Self-esteem is our perspective of our own self-worth; It is how much we appreciate ourselves, and what light we see ourselves in. It encompasses all of the beliefs we have about ourselves and subjectively evaluates them. When a person has low self-esteem, their evaluation is often negative and self-deprecating, leading them to engage in behaviors that are usually unhealthy.
Low self-esteem manifests both because of our own biases and environmental factors. A simple and well-known example of environmental factors is body image. Although there have been strides in eliminating the idea that there is a “perfect” body type, magazines, movies, and media still romanticize having a thin physique (and for the men, a muscular physique). It doesn’t matter how many times we try to argue to invalidity of this idea, because subliminal messages are stronger than lip service. This begets anxiety, eating disorders and low self-worth.
So how do we fight back? There is no simple answer for this, but there are multiple coping skills that we can implement to try to improve self-esteem. We can begin with ddispelling these negative beliefs through logic; Ask yourself three questions:
Is this belief objectively true?
Using the body image example, it is very objectively untrue that there is a specific body type that is perfect, despite how idolized being thin is. Historically, there has been a different definition of physical “perfection” or “attractiveness” during every time period. In fact, there was a time when women who are now considered “fat” had the ideal body type.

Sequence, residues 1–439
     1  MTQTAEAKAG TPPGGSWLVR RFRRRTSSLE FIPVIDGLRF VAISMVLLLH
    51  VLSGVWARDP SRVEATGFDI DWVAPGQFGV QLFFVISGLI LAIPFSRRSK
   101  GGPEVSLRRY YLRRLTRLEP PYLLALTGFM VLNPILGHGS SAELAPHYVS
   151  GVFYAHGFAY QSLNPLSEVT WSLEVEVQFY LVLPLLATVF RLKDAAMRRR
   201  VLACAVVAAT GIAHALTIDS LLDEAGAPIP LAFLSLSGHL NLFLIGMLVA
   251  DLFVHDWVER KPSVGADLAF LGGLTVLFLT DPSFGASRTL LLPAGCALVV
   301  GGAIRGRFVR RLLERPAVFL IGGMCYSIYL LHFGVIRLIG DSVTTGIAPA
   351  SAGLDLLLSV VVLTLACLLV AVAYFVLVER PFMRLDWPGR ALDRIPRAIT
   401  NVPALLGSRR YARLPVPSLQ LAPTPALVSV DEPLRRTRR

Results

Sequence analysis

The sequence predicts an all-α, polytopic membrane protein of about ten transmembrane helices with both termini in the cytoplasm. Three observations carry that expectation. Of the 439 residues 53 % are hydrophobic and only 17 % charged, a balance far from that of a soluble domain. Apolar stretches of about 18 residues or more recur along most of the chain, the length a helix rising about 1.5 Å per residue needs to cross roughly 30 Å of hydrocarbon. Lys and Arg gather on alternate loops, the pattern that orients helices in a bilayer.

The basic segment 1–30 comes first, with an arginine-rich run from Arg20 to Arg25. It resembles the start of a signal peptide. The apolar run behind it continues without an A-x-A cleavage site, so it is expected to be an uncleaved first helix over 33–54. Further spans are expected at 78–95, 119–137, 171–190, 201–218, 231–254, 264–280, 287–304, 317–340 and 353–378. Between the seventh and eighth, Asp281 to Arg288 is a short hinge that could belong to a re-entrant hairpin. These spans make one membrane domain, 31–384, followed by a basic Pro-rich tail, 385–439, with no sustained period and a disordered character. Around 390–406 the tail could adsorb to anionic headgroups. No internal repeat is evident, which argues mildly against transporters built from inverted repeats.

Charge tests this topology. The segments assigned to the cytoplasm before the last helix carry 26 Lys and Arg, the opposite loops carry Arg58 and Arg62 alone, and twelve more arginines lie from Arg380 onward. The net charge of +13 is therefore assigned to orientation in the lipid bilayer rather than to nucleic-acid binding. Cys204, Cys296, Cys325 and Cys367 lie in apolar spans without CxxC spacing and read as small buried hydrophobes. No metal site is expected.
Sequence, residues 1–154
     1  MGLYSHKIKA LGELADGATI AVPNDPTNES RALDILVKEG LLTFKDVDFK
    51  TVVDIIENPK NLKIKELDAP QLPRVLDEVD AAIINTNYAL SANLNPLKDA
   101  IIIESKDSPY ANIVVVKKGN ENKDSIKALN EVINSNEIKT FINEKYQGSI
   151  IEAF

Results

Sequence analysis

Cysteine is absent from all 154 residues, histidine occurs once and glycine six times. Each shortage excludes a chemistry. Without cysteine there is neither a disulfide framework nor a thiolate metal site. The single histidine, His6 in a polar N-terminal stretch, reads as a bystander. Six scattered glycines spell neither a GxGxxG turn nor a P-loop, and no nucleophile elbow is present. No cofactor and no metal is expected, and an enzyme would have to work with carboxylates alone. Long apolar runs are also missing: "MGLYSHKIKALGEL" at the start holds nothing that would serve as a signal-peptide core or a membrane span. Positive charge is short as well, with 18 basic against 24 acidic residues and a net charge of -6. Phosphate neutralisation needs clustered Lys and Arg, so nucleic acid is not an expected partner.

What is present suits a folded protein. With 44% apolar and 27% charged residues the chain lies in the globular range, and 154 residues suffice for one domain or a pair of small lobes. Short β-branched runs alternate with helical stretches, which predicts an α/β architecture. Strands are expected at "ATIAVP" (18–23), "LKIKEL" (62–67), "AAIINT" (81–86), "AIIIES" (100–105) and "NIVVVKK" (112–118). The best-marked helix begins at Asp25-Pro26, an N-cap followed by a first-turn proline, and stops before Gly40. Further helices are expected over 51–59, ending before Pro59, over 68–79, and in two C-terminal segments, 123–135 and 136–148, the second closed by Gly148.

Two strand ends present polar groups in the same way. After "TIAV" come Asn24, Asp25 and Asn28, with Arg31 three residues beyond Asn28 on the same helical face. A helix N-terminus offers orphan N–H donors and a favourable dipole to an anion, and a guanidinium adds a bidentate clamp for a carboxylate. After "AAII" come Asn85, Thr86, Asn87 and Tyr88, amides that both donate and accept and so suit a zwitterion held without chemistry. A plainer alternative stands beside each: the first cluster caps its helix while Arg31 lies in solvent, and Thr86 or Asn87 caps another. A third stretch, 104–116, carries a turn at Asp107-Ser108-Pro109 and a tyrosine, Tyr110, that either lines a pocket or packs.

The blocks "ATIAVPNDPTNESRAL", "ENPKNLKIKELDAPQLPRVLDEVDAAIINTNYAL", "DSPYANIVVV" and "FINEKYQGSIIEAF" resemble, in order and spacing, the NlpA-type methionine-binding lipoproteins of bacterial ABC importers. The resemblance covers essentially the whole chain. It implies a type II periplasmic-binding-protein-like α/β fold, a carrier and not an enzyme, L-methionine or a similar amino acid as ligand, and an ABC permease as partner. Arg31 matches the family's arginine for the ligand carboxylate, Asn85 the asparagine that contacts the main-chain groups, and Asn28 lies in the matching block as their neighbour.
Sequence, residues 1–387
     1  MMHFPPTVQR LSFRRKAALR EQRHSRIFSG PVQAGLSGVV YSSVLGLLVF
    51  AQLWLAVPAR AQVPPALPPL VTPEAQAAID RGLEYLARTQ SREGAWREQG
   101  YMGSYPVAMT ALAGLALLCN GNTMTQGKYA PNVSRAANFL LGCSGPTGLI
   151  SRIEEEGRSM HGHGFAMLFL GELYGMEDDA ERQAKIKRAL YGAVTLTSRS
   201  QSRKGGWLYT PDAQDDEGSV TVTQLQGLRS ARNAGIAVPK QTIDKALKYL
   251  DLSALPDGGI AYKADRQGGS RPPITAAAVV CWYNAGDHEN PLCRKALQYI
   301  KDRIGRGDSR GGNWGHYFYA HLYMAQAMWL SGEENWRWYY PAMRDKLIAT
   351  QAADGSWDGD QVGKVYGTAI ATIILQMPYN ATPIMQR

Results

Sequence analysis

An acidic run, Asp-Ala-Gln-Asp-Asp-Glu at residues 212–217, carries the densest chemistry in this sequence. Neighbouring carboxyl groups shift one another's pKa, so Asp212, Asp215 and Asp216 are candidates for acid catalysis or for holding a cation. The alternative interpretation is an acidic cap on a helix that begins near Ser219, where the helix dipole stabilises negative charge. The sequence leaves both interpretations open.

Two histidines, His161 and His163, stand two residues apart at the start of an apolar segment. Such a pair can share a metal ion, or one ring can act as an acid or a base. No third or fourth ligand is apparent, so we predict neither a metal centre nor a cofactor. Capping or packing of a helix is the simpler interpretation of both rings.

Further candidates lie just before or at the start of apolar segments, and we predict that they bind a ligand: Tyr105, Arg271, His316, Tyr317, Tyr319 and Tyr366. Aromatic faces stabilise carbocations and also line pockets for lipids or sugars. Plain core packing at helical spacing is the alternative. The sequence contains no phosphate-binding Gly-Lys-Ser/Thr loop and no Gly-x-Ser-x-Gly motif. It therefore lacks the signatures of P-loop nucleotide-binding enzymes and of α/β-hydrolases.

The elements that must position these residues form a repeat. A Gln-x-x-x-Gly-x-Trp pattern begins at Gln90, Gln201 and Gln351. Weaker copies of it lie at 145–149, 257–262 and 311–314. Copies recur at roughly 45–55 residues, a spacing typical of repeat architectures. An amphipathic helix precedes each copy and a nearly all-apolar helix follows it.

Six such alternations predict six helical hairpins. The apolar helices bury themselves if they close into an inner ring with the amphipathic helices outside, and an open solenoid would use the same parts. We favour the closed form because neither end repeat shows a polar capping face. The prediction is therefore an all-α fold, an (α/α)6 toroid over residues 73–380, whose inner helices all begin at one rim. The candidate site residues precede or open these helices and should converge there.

Does this affect my life?
Again, using body type, does your physical appearance affect you? Instead of focusing on image, focus on being healthy? If the answer is objectively yes, great! You are perfect. If it is no, make strides to be healthy. That is all that matters. Your health will affect your life more than anything else.
Will this matter long-term?
In a few months, will this matter? How about in a few years? Does this matter so intensely that it should contribute to how I see myself? Is it worth the anxiety that comes along with obsessing over this? Usually, the answer to that question is no.
Our core beliefs are malleable. They are not concrete, and they are skewed. The reality is, you will never know what you actually look like, because you never really see yourself. You see a person in a picture, in a mirror, through a lens, that so happens to look like you. Because of this, our insecurities are not accurate; We see flaws that often are not actually there.
If nothing else, list the things that you think are wrong with you and ask yourself what you would say if someone else was saying this to you about themselves. What would you tell them? What advice would you give? Would you agree with their negative evaluation?
Be kind to yourself in the same way that you are kind to others.